John Scott Bradstreet, ‘A Rare Jin-di-Sugi "Lotus" Table’, 1903, Sotheby's: Important Design
John Scott Bradstreet, ‘A Rare Jin-di-Sugi "Lotus" Table’, 1903, Sotheby's: Important Design

From the Catalogue:

John Scott Bradstreet arrived in Minneapolis in 1873, just as that city was experiencing an economic boom. The subsequent growth of the upper-middle class created opportunities in the retail market, especially for high-quality, modern furnishings. Bradstreet was able to establish a profitable business selling his own designs alongside antiques acquired from his trips abroad. Over the next forty years, he became the foremost interior designer in the American Northwest, known for combining Moorish, Gothic, Japanese and Scandinavian styles to achieve his own unique aesthetic.

In 1904, Bradstreet opened “Crafthouse,” which served as both showroom and workshop for his successful interior design and custom furniture businesses. Crafthouse was founded with the aim of promoting Arts and Crafts ideals, much in the same vein as William Morris’ “Kelmscott Manor,” but with a decidedly Asian influence. Bradstreet designed traditional Japanese gardens to surround the property and used a tatsu dragon as the workshop logo.

Also in the early years of the 20th century, Bradstreet developed a woodworking technique that combined his Arts and Crafts values with his appreciation of Asian artistic traditions. The process was based on the ancient Japanese jin-di-sugi practice in which cypress was aged and treated to amplify the natural grain. His adapted process, known as sugi, was achieved by repeatedly searing and brushing away the top layers of wood, resulting in a polished, heavily contoured surface that was then carved and stained.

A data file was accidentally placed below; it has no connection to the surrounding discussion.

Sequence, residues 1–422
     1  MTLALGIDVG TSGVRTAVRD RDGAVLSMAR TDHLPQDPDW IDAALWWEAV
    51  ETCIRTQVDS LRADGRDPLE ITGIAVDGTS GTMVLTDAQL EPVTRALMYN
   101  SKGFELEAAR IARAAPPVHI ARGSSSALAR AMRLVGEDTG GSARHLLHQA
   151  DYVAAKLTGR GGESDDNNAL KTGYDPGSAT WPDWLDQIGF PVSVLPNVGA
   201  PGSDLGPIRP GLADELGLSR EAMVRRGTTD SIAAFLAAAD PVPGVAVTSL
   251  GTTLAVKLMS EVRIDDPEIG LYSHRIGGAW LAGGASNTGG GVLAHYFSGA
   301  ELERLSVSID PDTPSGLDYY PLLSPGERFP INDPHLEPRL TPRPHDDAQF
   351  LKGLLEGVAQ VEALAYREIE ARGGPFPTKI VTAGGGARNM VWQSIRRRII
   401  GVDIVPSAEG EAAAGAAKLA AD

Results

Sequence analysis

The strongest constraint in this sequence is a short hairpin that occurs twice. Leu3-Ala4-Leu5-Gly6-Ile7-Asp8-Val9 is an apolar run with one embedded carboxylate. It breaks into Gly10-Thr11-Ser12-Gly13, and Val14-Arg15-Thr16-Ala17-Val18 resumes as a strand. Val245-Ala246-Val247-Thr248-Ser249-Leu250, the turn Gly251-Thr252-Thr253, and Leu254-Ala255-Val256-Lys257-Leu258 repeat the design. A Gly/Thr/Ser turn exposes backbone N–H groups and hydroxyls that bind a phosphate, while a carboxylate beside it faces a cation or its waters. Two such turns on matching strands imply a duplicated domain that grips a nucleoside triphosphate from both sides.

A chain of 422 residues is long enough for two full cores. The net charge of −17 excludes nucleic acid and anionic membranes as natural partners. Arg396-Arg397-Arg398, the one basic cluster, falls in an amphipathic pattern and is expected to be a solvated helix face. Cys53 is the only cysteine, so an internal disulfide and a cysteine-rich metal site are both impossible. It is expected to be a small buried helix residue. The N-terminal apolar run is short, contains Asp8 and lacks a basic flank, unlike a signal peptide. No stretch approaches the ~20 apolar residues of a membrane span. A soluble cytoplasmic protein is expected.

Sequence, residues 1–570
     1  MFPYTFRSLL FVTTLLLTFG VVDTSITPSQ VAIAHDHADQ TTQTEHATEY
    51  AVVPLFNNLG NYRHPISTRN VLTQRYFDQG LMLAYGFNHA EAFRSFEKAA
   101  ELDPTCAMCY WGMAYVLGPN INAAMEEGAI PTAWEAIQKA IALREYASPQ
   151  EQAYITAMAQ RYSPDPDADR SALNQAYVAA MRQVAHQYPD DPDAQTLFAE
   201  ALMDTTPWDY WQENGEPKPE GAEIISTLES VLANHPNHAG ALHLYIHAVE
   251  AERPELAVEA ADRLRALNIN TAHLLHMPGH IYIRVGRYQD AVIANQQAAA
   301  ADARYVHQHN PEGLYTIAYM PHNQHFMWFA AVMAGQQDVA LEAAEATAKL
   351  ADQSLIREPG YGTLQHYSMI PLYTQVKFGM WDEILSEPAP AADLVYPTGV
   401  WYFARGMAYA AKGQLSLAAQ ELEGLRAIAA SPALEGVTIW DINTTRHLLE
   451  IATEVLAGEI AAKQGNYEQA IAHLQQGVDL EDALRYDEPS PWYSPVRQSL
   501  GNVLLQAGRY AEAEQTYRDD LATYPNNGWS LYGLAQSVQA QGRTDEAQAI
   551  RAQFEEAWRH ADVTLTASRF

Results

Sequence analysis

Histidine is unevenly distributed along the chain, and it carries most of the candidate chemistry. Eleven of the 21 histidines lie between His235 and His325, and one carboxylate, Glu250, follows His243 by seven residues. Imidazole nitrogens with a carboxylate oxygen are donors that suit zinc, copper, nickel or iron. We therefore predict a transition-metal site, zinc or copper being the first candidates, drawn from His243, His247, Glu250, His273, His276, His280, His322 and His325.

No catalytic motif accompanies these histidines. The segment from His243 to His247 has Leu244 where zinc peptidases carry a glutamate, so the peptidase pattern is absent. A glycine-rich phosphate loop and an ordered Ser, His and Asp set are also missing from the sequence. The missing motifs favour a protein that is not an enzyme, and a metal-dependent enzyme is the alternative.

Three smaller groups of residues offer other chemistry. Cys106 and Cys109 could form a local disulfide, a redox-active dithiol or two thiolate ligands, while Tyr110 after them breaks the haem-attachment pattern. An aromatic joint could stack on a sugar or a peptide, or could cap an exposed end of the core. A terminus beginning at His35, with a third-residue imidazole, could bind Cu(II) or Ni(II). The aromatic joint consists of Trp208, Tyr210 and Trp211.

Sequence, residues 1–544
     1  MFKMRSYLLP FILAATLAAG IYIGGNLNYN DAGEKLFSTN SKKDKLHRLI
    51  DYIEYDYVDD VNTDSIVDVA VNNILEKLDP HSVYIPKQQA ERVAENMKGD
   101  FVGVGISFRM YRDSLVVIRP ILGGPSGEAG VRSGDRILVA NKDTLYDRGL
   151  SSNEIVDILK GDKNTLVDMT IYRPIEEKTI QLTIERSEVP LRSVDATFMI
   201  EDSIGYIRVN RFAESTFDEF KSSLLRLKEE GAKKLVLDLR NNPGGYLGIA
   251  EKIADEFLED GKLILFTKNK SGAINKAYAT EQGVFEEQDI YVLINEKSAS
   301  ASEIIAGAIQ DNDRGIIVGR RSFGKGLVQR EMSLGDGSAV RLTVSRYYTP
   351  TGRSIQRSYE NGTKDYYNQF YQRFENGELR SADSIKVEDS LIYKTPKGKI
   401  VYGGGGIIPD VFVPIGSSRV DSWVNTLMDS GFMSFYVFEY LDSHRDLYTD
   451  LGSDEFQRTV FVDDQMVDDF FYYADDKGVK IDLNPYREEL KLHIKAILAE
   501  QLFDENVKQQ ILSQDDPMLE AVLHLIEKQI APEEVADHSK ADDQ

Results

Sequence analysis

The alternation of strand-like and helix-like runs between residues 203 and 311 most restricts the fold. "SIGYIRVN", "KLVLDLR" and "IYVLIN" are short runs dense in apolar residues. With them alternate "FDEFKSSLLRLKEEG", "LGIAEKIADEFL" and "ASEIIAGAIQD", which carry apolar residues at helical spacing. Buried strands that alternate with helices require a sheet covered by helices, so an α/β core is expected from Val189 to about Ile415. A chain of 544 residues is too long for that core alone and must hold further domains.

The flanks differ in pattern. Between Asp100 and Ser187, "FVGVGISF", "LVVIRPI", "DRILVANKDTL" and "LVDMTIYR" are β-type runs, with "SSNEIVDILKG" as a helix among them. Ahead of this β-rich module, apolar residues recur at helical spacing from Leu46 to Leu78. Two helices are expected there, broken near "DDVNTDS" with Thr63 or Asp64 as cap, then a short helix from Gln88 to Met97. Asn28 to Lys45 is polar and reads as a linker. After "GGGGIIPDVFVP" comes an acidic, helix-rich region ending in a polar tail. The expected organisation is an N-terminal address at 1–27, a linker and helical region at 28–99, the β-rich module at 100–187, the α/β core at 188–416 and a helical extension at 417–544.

Bradstreet promoted this new style by incorporating sugi furniture and paneling into the main rooms of his own Crafthouse and in his most important commissions, including the William Prindle House and “Glensheen” (residence of the Chester Congdon family) in Duluth, Minnesota.

While he applied this method to a variety of forms, the "Lotus" table is the most celebrated and is considered to be his masterwork in this style. Prior to the recent discovery of the pictured lot, only four Bradstreet "Lotus" tables were known to exist. One is in private hands, while the others are in the collections of The Minneapolis Institute of Arts, the Two Red Roses Foundation, and The Museum of Fine Arts, Houston. The present lot is exceptional, as it is the only known example with a square top. Further distinguishing this piece is the carved turtle on the top, evidencing Bradstreet's fondness towards natural motifs, especially those that could be found in his Japanese gardens. One previously known “Lotus” table also features a carved turtle, but on its base.

This piece was originally in the private collection of James Ford Bell, founder of the General Mills Corporation and avid collector of decorative arts, who commissioned the table directly from Bradstreet. It resided in Belford, his home on Lake Minnetonka, Minnesota, until his death in 1961.

—Courtesy of Sotheby's

Signature: with artist's cypher and dated 1903

John S. Bradstreet & Co., advertisement, The Western Architect, August 1903
John S. Bradstreet & Co., advertisement, The Bellman, October 3, 1908 (subsequently published September 7, 1912; November 28, 1914; April 15, 1916; and April 22, 1916)
Michael P. Conforti, ''Orientalism on the Upper Mississippi: The Work of John S. Bradstreet,'' The Minneapolis Institute of Arts Bulletin, LXV, 1981-1982, p. 17
Wendy Kaplan, The Art that is Life: The Arts & Crafts Movement in America, 1875-1920, Boston, 1987, p. 14, color pl. 36 (for the ''lotus'' table in the collection of The Minneapolis Institute of Arts)
Janet Kardon, ed., The Ideal Home, 1900-1920: The History of Twentieth-Century American Craft, New York, 1993, p. 220 (for the ''lotus'' table in a private collection)
Michael Conforti, ed., Minnesota 1900: Art and Life on the Upper Mississippi, 1890-1915, Newark, 1994, fig. 9 (for the ''lotus'' table in the collection of The Minneapolis Institute of Arts), pp. 74 (for a period advertisement of the ''lotus'' table in The Western Architect, 1903), 63-91 (for a detailed essay on the history and repertoire of John S. Bradstreet & Co.)

Commissioned directly from the artist by James Ford Bell, Minneapolis
Estate of James Ford Bell, Minneapolis
Acquired from the above by a private collector, circa 1960
Thence by descent to the present owner